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Business Ethics and Social Responsibility

Business ethics is a form of applied ethics that examines just rules and principles
within a commercial context.

Business ethics is a form of applied ethics that examines just rules and principles within
a commercial context; the various moral or ethical problems that can arise in a business
setting; and any special duties or obligations that apply to persons who are engaged in
commerce. Generally speaking, business ethics is a normative discipline, whereby
particular ethical standards are advocated and then applied.

It makes specific judgments about what is right or wrong, which is to say, it makes claims
about what ought to be done or what ought not to be done. While there are some
exceptions, business ethicists are usually less concerned with the foundations of ethics
(meta-ethics), or with justifying the most basic ethical principles, and are more concerned
with practical problems and applications, and any specific duties that might apply to
business relationships.

Business ethics can be examined from various perspectives, including the perspective of
the employee, the commercial enterprise, and society as a whole. Very often, situations
arise in which there is conflict between one and more of the parties, such that serving the
interest of one party is a detriment to the other(s). For example, a particular outcome
might be good for the employee, whereas, it would be bad for the company, society, or
vice versa. Some ethicists see the principal role of ethics as the harmonization and
reconciliation of conflicting interests.

Ethical issues can arise when companies must comply with multiple and sometimes
conflicting legal or cultural standards, as in the case of multinational companies that
operate in countries with varying practices. The question arises, for example, ought a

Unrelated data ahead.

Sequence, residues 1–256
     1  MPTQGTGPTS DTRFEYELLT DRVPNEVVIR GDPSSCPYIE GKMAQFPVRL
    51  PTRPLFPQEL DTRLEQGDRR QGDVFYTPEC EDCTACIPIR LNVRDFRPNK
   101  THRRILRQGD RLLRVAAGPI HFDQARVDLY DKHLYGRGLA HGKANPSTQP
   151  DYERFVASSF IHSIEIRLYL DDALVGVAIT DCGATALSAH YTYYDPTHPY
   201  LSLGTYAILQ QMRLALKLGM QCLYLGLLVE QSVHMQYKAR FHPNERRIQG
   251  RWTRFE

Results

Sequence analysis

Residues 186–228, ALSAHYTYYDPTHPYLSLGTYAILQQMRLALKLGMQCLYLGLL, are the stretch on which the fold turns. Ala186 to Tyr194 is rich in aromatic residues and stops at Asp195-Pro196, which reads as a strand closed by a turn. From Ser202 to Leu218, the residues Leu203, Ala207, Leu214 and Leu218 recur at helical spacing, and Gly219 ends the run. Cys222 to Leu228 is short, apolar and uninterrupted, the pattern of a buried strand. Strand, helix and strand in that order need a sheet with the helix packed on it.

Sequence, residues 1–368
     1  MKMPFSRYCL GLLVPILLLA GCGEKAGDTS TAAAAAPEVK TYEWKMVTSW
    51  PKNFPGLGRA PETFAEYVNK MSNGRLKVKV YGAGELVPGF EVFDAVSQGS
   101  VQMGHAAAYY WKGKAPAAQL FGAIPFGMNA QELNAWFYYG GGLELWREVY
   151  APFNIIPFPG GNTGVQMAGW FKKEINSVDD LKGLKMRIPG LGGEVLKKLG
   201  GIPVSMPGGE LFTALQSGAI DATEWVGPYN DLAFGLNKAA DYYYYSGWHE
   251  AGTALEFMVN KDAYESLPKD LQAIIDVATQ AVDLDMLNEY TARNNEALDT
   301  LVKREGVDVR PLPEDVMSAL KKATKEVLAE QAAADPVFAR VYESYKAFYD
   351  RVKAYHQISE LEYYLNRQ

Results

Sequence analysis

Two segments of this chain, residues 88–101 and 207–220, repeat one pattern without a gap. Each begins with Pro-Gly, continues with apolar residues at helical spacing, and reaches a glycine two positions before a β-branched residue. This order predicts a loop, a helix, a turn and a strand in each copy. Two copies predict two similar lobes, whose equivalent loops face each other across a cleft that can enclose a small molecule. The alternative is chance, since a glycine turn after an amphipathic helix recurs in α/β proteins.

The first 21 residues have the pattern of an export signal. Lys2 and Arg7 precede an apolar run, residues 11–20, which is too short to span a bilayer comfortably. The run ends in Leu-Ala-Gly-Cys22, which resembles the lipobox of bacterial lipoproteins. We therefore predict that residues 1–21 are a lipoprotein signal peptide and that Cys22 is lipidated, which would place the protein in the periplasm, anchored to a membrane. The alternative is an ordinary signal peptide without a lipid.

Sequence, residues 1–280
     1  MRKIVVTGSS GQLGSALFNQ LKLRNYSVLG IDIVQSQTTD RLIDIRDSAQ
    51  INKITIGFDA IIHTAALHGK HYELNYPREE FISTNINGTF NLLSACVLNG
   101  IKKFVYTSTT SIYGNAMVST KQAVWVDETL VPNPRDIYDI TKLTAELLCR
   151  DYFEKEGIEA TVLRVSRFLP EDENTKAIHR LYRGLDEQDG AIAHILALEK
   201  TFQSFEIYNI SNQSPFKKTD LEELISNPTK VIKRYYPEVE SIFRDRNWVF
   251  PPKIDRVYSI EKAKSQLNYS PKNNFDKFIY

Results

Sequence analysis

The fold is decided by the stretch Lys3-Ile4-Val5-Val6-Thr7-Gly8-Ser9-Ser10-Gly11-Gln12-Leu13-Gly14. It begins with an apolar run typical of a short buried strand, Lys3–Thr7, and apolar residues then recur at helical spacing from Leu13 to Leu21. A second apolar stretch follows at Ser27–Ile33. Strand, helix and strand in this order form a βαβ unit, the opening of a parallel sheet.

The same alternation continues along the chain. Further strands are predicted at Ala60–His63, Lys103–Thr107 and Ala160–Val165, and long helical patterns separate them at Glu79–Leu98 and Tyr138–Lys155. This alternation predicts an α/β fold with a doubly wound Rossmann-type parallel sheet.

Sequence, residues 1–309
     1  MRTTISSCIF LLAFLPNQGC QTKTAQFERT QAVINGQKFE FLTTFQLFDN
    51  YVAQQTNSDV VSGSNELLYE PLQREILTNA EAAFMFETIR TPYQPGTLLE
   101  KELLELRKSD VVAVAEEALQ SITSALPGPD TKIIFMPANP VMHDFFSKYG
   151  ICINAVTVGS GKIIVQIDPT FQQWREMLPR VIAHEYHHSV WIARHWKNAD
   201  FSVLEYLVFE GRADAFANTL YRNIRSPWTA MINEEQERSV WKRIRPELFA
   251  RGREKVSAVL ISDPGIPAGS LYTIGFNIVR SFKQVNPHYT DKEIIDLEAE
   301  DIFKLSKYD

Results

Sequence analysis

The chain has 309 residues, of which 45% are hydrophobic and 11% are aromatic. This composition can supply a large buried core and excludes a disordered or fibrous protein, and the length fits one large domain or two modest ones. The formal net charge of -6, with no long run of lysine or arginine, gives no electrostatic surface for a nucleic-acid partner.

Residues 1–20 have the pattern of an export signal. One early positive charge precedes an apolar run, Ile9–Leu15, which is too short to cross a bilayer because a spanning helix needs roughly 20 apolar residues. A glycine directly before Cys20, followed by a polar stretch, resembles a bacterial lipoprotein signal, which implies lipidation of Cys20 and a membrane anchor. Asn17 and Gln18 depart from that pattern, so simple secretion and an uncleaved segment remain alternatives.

company obey the laws of its home country, or should it follow the less stringent laws of
the developing country in which it does business? To illustrate, United States law forbids
companies from paying bribes either domestically or overseas; however, in other parts of
the world, bribery is a customary, “accepted” way of doing business. Similar problems
can occur with regard to child labor, employee safety, work hours, wages, discrimination,
and environmental protection laws.

Business ethics should be distinguished from the philosophy of business, the branch of
philosophy that deals with the philosophical, political, and ethical underpinnings of
business and economics. Business ethics operates on the premise, for example, that the
ethical operation of a private business is possible -- those who dispute that premise, such
as libertarian socialists, (who contend that "business ethics" is an oxymoron) do so by
definition outside of the domain of business ethics proper.
The philosophy of business also deals with questions such as what, if any, are the social
responsibilities of a business; business management theory; theories of individualism vs.
collectivism; free will among participants in the marketplace; the role of self interest;
invisible hand theories; the requirements of social justice; and natural rights, especially
property rights, in relation to the business enterprise.

Business ethics is also related to political economy, which is economic analysis from
political and historical perspectives. Political economy deals with the distributive
consequences of economic actions. It asks who gains and who loses from economic
activity, and is the resultant distribution fair or just, which are central ethical issues.